Alison: When you are sitting on the porch at the Capital Hotel, just sat there and comfortable.
Sarah: That would the lovely answer to that question. I would say you also really know you in the Rock when you see someone wearing a Hog hat.
Alison: Hog hat. Yes.
Sarah: We have not even mentioned the Arkansas racer bucks.
Chris: I have no idea what a hog hat is.
Sarah: The Arkansas racer bucks.
Chris: Oh, Arkansas racer bucks. Okay. Got it.
Sarah: Yes. Yes. They are our only team really. Like we don’t have professional sports team so we all rally around the University of Arkansas and the racer buck. So you see hog hats, you see flags raised on cars.
Alison: Racer buck flags will let you know when is the game day, when the…
Sarah: Yes. And they play part of their games in Little Rock, which is three hours away from the actual campus. But they come here and play because there are so many people rooting for them here where they play at the stadium; they have the tollgate all over the golf course next to it. So yeah, you know you are in Little Rock when it’s a game day and there’s people parked all over the…
Alison: We don’t have bad traffic in Little Rock but on a game day…
Sarah: On a game day, yes you do.
Alison: Exactly. It’s really bad.
Sarah: Yes. That also makes us laugh.
Chris: And last question. If you had to summarize Little Rock in just three words, we give you three words each. What three words would you use?
Alison: River, Friendly, Natural.
Sarah: Margarita, they’ve got to have to say tasty as much as we talk about.
Chris: Tasty. Okay.
Alison: I think better when on Margarita.
Chris: Food. Okay. I’m surprised if it didn’t get in there someplace. Sarah, Beth and Alison, where can people read more about your travels?
Sarah: Well, we’ve both written for only in Ark the site that we mentioned earlier.
Alison: In Arkansas but then on my blog I write about travels.
Sarah: She’s alisonchino.com, I’m sarahbethjones.com.
Chris: Well, thanks so much for coming on amateur traveler and sharing with us your obvious love for Little Rock.
Sarah: Definitely. Thank you for having us.
Alison: Thank you for having us so much.
Chris: I have two different news stories I want to bring to your attention. The first one was an interesting one. I don’t know if you have noticed but around the US now there are a lot more airports that have rocking chairs. And apparently there are about 40 of them and I didn’t know why. But apparently this trend started in 1997 at the Charlotte Douglas International Airport. And the airport had a temporary photography exhibit called porch sitting. And in addition to large photos of front porches, they had rocking chairs.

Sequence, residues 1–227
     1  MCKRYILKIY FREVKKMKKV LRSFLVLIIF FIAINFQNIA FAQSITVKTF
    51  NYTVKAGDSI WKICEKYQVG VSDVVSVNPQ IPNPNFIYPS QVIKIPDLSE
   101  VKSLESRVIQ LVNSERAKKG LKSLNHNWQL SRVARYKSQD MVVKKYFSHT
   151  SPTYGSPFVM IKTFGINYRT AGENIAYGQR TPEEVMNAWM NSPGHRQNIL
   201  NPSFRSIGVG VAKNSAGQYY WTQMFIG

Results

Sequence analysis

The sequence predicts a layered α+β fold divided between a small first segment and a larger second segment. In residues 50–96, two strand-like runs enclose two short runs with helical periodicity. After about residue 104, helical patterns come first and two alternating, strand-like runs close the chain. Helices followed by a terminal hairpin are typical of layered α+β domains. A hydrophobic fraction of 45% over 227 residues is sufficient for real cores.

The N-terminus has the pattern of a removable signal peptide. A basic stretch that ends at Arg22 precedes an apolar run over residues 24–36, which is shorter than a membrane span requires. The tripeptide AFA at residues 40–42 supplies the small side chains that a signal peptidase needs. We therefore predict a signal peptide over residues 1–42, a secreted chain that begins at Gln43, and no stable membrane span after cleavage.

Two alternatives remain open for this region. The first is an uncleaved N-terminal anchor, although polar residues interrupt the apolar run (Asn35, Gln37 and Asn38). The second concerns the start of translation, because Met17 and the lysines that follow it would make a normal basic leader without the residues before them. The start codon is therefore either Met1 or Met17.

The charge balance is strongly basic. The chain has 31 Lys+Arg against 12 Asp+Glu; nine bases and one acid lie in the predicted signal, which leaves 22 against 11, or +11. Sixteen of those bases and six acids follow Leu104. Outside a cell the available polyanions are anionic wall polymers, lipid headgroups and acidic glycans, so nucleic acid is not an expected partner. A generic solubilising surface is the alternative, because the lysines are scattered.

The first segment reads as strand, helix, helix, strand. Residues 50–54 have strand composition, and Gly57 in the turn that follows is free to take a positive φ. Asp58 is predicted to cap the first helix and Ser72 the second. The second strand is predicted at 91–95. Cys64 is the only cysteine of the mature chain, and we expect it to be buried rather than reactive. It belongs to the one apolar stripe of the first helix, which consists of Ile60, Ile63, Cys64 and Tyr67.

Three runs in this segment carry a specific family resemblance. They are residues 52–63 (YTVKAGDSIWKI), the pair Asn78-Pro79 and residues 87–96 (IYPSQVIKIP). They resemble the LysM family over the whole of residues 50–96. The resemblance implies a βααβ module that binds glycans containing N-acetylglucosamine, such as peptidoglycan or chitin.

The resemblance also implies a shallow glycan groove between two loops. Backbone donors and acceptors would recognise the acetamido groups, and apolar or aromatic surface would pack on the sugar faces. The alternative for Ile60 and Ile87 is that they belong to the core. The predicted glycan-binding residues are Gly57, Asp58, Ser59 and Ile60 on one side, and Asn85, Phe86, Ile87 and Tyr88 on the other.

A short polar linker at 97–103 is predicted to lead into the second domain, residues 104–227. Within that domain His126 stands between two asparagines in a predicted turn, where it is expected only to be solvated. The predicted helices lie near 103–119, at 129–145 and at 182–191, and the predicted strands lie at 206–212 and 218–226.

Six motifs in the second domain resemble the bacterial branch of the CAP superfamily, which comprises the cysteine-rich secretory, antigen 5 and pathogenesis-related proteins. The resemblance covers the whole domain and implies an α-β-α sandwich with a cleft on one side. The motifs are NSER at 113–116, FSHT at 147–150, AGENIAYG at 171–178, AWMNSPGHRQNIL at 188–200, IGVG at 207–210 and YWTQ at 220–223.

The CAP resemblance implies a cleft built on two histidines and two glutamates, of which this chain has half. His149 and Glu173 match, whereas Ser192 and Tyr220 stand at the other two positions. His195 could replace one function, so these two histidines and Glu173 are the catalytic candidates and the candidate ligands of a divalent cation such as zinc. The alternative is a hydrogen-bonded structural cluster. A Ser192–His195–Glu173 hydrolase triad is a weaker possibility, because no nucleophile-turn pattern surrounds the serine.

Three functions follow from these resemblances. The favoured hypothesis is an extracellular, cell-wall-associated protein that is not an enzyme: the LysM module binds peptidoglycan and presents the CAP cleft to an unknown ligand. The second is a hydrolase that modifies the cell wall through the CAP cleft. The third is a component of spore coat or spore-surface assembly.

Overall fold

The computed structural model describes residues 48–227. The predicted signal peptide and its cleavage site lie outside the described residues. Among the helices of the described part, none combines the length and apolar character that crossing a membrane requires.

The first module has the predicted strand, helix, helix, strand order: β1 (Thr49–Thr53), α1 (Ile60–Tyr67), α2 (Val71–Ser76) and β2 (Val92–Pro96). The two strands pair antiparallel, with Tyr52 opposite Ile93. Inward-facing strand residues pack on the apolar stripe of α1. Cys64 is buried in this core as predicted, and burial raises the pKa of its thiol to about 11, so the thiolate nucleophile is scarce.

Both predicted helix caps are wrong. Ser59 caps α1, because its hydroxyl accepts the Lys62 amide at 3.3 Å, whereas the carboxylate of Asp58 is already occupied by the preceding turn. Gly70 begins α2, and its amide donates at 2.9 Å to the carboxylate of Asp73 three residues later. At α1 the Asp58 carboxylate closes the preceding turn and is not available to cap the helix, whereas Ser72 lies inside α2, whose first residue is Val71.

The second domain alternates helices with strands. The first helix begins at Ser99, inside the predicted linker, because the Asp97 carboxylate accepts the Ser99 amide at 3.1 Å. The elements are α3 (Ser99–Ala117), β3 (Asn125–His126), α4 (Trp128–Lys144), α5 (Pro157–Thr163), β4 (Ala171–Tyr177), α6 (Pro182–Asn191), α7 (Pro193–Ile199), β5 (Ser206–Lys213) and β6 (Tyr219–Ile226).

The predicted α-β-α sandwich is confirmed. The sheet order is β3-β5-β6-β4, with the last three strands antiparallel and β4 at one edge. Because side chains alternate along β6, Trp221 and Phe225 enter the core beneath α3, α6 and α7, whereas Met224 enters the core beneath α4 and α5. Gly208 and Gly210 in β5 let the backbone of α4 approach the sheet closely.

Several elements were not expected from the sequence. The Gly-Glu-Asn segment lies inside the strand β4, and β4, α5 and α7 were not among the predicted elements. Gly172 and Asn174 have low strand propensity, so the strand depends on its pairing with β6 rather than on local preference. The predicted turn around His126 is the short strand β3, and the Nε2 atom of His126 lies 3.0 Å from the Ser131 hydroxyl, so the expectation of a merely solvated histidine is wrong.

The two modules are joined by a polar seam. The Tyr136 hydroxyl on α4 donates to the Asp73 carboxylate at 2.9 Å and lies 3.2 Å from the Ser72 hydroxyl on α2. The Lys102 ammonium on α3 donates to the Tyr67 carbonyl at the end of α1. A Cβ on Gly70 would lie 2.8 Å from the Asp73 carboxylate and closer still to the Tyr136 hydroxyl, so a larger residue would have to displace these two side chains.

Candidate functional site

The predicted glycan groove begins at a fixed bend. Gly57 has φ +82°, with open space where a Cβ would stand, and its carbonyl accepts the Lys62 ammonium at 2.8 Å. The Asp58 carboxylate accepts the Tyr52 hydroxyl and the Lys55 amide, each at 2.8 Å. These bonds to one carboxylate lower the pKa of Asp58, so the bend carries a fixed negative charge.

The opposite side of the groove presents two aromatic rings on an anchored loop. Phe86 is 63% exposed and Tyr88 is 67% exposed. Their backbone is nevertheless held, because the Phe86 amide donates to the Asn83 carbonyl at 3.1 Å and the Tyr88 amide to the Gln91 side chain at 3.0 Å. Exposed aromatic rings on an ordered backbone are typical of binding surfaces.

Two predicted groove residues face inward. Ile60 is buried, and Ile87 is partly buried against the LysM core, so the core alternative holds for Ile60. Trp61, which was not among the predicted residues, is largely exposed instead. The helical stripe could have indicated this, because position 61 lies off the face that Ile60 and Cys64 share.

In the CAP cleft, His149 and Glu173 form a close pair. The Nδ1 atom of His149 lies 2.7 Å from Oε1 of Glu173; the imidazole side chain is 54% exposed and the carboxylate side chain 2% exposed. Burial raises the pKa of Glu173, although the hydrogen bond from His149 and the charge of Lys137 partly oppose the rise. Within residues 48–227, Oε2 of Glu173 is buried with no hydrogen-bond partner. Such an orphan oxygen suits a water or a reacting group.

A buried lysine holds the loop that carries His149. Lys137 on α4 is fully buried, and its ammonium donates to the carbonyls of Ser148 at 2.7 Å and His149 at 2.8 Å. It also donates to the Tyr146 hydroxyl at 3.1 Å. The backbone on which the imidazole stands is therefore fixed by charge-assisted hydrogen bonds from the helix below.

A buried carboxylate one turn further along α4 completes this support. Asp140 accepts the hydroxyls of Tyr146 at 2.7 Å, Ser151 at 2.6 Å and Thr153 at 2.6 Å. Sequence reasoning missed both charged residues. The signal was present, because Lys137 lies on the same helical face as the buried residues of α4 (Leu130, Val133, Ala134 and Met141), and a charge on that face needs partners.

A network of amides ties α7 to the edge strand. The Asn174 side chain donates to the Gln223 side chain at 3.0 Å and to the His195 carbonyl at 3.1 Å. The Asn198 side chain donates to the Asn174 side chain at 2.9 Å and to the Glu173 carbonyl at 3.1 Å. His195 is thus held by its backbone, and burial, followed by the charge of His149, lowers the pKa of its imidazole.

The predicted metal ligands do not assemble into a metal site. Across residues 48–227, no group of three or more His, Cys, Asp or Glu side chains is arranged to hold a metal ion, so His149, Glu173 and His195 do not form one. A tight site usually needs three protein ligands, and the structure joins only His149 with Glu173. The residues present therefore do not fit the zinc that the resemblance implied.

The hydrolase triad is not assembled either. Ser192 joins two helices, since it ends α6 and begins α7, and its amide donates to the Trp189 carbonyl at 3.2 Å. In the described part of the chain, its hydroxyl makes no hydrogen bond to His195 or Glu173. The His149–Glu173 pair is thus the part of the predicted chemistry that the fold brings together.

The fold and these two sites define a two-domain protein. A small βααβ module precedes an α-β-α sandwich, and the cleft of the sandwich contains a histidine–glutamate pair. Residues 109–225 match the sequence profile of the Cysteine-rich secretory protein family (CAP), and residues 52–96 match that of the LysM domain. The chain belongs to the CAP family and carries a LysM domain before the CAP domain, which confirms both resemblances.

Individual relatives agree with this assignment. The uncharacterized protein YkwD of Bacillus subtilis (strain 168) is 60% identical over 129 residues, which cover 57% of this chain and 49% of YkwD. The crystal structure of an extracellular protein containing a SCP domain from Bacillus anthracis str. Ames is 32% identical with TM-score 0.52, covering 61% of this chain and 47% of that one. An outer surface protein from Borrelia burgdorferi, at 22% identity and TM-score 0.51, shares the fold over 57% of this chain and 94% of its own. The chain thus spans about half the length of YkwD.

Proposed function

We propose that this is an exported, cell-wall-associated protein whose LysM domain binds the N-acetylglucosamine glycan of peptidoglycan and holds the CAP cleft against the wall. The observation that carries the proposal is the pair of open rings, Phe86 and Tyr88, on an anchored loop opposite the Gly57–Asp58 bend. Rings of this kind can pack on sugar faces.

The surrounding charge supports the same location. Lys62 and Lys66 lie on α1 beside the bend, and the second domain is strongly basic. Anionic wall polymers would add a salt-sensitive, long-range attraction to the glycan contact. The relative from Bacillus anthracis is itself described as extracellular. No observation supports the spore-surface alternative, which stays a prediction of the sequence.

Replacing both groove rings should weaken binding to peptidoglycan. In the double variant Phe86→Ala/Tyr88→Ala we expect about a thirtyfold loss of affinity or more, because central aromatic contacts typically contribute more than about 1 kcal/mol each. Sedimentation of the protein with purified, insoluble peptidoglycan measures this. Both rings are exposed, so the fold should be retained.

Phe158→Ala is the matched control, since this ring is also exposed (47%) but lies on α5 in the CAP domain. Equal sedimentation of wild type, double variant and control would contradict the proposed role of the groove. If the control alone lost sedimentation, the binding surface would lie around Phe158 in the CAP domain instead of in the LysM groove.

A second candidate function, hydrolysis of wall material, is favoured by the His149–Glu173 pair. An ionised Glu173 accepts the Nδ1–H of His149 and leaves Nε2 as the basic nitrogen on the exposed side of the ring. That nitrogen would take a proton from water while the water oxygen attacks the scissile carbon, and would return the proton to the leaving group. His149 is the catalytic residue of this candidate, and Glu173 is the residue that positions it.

And they didn’t realize how popular they were until they took the chairs away and people got upset. And one of the reasons why so many airports are putting then in is one, people like them and two, it’s a very easy change that you can make out an airport and airports are ordinarily difficult to renovate. The other interesting story is about skiplagged.com. The person, who runs this website, helps you find those interesting routes. And the kind of routes we are talking about are the ones where someone wants to fly from Dallas to Los Angeles but it turns out that it is cheaper to fly from Dallas to San Francisco through Los Angeles.
And so he helps you find that route. You book a one way fare and then you get off the plane in the middle. Well the airlines don’t like that. They don’t like it so much that they are suing. He’s already raised tens of thousands of dollars in donations to protect the website. That site again incase it’s still there is skiplagged.com. I’ll put a link to both stories in the show notes at amateurtraveler.com. Our trivia of the question last week was, ‘What is the most dramatically beautiful place you have seen?’
Top answer was given by Steve from Sutton Coldfield in the United Kingdom and I have to admit, this is a winner. And I’m sure that I’m going to pronounce this incorrectly but it’s Plitvice. The series of lakes that is a UNESCO world heritage site in southern Croatia. One of the oldest UNESCO world heritage sites. And if you’ve seen pictures of it, you’ve seen just cascades of waterfall surrounding these lakes. If you haven’t seen them, come over to amateurtraveler.com/trippy5 and look at the other answers to this question. Other popular answers included the Canadian Rockies which we’ve talked about before in this show and always, always a favorite of mine.
Machu Picchu and the Iguazu waterfalls. Thanks to all of you who came over to vote for your favorite spectacular place to see. With that we are going to end this episode with the Amateur Traveler Remember to support both our sponsors trippy.com and dkeyewitnesstravelguides. If you have any questions send an email to host at amateurtraveler.com or better yet, leave a comment on this episode at amateurtraveler.com. You could also follow me on twitter@kriss2x as this is the New Year, I will remind you it’s a good time if you haven’t already to leave us a review at iTunes stature or wherever you listen to this show. And as always thanks so much for listening.
Transcription sponsored by JayWay Travel, specialists in Central & Eastern Europe custom tours.